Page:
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Kaufman, Jay S. (2002). Whad'Ya Know? Another View on Cultural Literacy. Epidemiology, 13(5), 500-503.


The association between education and good health has been observed widely, and a large number of epidemiologic studies over the past decades have included attained educational level as an exposure or covariate. 1 The basis for this association is no doubt multifaceted, including connections (education provides access to elite social networks), credentialing (degrees confer entrée to positions of power and authority), confounding (those with the wherewithal to obtain greater quantity and quality of education also have the wherewithal to obtain a greater quantity and quality of other goods), and content (education actually confers some useful information that helps people gain advantages in life). 2 The essay by John Kelleher 3 in the current issue of this journal suggests an improved exposure assessment method for the latter of these components of education, the useful content of a quality education itself. This suggestion relies heavily on the notion of “cultural literacy” introduced in the 1980s by educator E. D. Hirsch. Cultural literacy is the theory that there are certain things that everyone in a modern society ought to know, and that it is the possession of these various pieces of knowledge that confers to individuals the means to understand, communicate, and succeed—both socially and materially.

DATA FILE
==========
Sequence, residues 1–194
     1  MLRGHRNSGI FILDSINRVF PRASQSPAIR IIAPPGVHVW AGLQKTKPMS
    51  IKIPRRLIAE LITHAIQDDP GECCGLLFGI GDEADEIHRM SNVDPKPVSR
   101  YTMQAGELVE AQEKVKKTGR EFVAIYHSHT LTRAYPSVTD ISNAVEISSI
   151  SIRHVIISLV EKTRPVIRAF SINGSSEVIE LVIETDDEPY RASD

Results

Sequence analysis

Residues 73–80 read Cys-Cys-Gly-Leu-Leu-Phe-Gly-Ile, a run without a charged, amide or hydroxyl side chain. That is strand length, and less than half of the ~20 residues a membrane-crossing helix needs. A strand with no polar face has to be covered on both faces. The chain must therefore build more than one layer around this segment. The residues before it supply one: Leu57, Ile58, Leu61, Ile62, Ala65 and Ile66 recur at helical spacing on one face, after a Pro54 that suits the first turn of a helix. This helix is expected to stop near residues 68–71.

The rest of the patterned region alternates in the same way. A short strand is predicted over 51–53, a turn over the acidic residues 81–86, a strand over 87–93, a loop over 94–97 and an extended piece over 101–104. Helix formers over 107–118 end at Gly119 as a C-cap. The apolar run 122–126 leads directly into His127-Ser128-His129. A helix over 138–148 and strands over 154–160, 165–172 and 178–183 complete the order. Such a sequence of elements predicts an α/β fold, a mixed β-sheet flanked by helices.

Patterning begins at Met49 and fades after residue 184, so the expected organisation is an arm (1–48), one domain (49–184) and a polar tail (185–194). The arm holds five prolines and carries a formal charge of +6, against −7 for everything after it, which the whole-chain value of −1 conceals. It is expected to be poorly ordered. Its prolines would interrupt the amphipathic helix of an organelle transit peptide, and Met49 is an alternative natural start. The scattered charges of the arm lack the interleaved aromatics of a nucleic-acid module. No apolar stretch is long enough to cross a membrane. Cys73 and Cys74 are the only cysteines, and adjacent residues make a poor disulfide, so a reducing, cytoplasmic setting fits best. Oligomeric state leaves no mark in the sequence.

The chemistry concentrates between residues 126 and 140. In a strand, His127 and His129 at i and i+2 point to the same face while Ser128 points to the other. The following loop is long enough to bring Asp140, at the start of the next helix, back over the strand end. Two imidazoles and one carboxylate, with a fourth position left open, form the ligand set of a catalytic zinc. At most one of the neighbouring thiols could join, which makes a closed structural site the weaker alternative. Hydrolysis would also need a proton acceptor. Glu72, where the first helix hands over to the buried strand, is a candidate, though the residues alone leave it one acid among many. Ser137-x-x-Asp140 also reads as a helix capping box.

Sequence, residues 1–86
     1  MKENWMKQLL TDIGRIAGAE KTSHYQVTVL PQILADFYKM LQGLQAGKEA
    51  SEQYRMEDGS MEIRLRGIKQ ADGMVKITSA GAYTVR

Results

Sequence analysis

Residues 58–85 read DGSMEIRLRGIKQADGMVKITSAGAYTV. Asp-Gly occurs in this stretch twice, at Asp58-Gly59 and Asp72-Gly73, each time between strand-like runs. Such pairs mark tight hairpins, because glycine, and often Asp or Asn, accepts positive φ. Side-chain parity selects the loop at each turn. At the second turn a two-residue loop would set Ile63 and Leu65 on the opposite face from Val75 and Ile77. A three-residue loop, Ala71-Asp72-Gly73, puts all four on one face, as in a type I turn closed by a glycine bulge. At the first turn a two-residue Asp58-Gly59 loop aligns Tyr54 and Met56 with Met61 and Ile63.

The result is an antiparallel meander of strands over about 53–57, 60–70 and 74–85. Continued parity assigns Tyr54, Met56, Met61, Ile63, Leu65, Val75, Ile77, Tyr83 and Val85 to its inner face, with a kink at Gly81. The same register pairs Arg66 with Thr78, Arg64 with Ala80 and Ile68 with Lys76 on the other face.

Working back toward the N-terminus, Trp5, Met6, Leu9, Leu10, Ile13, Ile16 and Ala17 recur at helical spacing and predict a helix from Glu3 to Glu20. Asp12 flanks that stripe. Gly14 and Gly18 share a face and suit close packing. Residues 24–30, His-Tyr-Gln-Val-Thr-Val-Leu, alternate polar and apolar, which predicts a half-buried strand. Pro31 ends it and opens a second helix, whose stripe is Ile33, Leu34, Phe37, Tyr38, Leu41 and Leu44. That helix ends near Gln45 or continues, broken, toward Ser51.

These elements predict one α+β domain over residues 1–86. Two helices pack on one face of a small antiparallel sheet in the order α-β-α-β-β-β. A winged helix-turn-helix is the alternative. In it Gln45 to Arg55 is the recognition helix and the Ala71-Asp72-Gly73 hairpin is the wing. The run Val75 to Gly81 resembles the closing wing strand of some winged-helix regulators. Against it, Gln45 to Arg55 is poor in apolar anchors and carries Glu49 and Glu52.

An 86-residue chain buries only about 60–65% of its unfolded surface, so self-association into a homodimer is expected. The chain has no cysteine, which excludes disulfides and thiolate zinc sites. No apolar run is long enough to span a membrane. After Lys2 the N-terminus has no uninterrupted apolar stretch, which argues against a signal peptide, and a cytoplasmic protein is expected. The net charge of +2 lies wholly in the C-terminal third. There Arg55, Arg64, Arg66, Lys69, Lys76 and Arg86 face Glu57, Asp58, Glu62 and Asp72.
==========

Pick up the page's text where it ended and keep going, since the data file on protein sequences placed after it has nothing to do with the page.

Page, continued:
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Kaufman, Jay S.